P.D.C.A - The Deming Cycle

Picture the scene . . . the Director has discovered an irritating problem.

He asks his best manager to resolve it quickly and the manager drops everything to please the boss. The manager surveys the problem by asking a few involved workers to offer their opinions of causes, effects and potential solutions. The information gathered is assessed and by using common sense and experience, the manager decides the best course of action. A solution is implemented with speed and efficiency - the problem is now fixed! The manager cannot wait to inform the Director of the success.


Unfortunately a week later it is discovered that the problem has only partially been resolved. The Director feels let down and the manager is in the doghouse. What went wrong?

 

Absolutely nothing if you believe the Deming Cycle’s P.D.C.A process.

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In a traditional business culture, senior people are expected to resolve problems and make decisions. That’s the basis of their job. However in stark contrast the culture of an excellent company has a different leadership style along with different values and beliefs – such as;

  • It’s not the manager’s job to fix problems, instead they must facilitate problem solving with workers
  • Finding the root cause of a problem is the best way to resolve a problem permanently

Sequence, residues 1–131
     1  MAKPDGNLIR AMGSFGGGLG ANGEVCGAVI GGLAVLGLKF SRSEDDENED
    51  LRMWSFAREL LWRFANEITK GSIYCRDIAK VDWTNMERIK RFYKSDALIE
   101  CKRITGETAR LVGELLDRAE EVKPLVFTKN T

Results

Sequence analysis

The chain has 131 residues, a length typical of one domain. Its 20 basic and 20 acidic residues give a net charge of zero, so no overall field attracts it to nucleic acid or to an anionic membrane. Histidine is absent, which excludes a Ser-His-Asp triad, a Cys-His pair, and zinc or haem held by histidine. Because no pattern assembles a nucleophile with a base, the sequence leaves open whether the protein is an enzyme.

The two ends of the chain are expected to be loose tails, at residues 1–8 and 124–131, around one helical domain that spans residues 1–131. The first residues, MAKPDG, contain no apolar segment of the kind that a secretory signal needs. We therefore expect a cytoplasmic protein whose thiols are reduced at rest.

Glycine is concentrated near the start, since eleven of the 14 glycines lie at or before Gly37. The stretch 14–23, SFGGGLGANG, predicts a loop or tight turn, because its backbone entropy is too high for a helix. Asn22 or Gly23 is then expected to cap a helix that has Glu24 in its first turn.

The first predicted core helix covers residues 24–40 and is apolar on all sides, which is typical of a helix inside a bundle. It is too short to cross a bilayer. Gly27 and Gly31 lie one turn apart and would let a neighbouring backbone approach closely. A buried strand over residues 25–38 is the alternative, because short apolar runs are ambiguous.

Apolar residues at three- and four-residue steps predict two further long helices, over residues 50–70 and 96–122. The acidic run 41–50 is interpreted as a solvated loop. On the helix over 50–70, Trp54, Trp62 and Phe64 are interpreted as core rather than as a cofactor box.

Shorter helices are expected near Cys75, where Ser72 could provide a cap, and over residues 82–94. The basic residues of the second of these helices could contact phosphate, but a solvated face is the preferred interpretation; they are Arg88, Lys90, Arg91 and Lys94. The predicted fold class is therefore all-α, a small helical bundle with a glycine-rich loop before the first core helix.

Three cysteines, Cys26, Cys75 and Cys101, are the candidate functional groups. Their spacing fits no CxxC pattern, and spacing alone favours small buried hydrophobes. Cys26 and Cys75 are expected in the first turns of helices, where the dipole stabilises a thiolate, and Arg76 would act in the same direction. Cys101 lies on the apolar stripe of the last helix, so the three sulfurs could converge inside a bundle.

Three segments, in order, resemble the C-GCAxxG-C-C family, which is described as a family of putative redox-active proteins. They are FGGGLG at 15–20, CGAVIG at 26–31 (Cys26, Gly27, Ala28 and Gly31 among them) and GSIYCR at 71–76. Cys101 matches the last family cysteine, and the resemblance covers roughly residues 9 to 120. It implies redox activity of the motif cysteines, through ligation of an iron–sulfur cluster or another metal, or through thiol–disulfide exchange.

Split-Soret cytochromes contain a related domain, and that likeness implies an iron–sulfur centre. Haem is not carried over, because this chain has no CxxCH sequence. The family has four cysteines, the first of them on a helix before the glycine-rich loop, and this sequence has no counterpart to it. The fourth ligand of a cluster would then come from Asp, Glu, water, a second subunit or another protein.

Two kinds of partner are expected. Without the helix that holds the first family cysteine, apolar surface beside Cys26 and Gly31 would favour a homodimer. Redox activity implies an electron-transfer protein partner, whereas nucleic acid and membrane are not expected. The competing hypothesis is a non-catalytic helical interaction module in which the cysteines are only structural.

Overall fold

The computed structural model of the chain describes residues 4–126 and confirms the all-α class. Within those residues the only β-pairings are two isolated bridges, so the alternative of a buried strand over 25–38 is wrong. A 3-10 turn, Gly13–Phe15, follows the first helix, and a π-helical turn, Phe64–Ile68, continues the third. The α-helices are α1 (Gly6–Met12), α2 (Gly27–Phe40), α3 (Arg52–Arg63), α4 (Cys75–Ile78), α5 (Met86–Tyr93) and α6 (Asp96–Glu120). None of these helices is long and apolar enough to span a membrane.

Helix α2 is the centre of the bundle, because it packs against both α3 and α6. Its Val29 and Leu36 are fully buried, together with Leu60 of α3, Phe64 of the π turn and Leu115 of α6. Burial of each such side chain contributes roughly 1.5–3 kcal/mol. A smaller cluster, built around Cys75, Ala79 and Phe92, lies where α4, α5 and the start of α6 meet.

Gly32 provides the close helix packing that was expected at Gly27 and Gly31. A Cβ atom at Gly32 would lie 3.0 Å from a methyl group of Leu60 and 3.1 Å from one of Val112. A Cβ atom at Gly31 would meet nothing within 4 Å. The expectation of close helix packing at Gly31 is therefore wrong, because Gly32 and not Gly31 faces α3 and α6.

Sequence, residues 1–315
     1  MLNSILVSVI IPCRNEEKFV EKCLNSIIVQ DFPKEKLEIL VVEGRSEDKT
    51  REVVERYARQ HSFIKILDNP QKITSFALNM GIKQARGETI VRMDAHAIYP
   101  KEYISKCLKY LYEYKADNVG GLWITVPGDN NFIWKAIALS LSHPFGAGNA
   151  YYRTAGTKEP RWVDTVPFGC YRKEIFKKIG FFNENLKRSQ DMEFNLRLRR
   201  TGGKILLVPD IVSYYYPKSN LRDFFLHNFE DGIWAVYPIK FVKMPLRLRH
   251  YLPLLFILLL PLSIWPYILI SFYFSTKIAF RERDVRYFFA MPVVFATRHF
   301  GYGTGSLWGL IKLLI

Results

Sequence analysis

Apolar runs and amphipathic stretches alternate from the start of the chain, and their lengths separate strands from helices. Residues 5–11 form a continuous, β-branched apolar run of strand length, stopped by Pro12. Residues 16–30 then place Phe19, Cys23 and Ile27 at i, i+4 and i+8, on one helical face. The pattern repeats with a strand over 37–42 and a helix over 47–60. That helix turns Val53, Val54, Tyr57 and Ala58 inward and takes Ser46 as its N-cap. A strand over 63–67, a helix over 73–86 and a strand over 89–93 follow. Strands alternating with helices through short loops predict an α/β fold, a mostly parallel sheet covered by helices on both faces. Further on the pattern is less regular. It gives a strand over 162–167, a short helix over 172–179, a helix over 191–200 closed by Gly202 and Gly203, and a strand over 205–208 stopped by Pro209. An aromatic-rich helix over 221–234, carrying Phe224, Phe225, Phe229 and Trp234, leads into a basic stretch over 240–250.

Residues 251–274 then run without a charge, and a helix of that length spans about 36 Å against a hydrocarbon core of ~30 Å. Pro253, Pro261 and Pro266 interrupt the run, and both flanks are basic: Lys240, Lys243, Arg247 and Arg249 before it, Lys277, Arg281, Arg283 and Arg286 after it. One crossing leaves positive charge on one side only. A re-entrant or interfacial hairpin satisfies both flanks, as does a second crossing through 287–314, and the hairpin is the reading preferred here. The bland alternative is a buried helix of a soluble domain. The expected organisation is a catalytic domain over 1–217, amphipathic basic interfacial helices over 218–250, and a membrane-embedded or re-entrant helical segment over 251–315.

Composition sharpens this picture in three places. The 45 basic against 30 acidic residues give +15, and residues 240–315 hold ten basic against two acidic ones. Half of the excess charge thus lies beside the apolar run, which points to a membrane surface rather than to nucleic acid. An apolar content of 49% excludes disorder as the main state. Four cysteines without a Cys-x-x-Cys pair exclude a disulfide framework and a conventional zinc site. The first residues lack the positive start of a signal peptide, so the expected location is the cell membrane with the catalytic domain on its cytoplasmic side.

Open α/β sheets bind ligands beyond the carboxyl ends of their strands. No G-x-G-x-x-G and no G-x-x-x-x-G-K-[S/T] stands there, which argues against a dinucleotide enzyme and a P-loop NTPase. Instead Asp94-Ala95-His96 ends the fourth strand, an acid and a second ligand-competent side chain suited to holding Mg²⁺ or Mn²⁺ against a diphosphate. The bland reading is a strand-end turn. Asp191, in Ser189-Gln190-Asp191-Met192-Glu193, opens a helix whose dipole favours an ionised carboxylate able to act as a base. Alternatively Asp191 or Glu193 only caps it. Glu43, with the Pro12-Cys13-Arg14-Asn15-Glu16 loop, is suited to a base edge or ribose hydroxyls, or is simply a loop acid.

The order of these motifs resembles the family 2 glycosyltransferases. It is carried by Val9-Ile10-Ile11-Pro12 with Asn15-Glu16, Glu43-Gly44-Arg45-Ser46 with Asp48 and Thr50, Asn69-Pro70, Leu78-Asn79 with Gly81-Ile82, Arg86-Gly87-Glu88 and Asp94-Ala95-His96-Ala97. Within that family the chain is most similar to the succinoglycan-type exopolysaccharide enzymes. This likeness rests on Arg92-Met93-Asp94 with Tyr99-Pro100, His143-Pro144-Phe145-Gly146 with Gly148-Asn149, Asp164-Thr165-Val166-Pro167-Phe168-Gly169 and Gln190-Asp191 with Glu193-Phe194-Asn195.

• Sometimes there are more than one root cause
  • Discovering true root causes can be difficult
  • The best way to fix a problem is to estimate a root cause quickly and implement a fix to see if it works
  • Guessing the wrong root cause is good not bad, as it leaves you wiser
  • Resolving problems is iterative - keep at it until the problem has been resolved

 

Imagine the difference in culture between the traditional and excellent companies.
In the former, fear is always in the background. Fear of failure, fear of letting the boss down, fear of not knowing all the answers. Often the smartest managers in the traditional company become adept at transferring blame onto others - thus apportioning the fear away from themselves.

 

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How would an excellent company perform with the above scenario?
Once the problem has been brought to the attention of the manager, the Deming Cycle (Plan, Do, Check, Act) clicks into place.

The manager mobilises a small team closest to the problem. Speed is of the essence. They quickly identify the probable cause and plan a solution. They implement the solution (do) then assess how well it worked (check). If the problem has not been completely fixed, they move onto the next cause (act) and plan another solution.

The P.D.C.A iteration continues until an adequate solution has been achieved.

 

So what are the major features of the excellent company? Iterations are good as new things are learnt with each cycle and failure does not exist. The workers closest to a problem are often the best ones to fix it - the manager does not fix problems, but coaches others to do so. Finally the way to respond throughout is to act quickly and not to procrastinate.

 

Article written by Joe Booth (April 2018)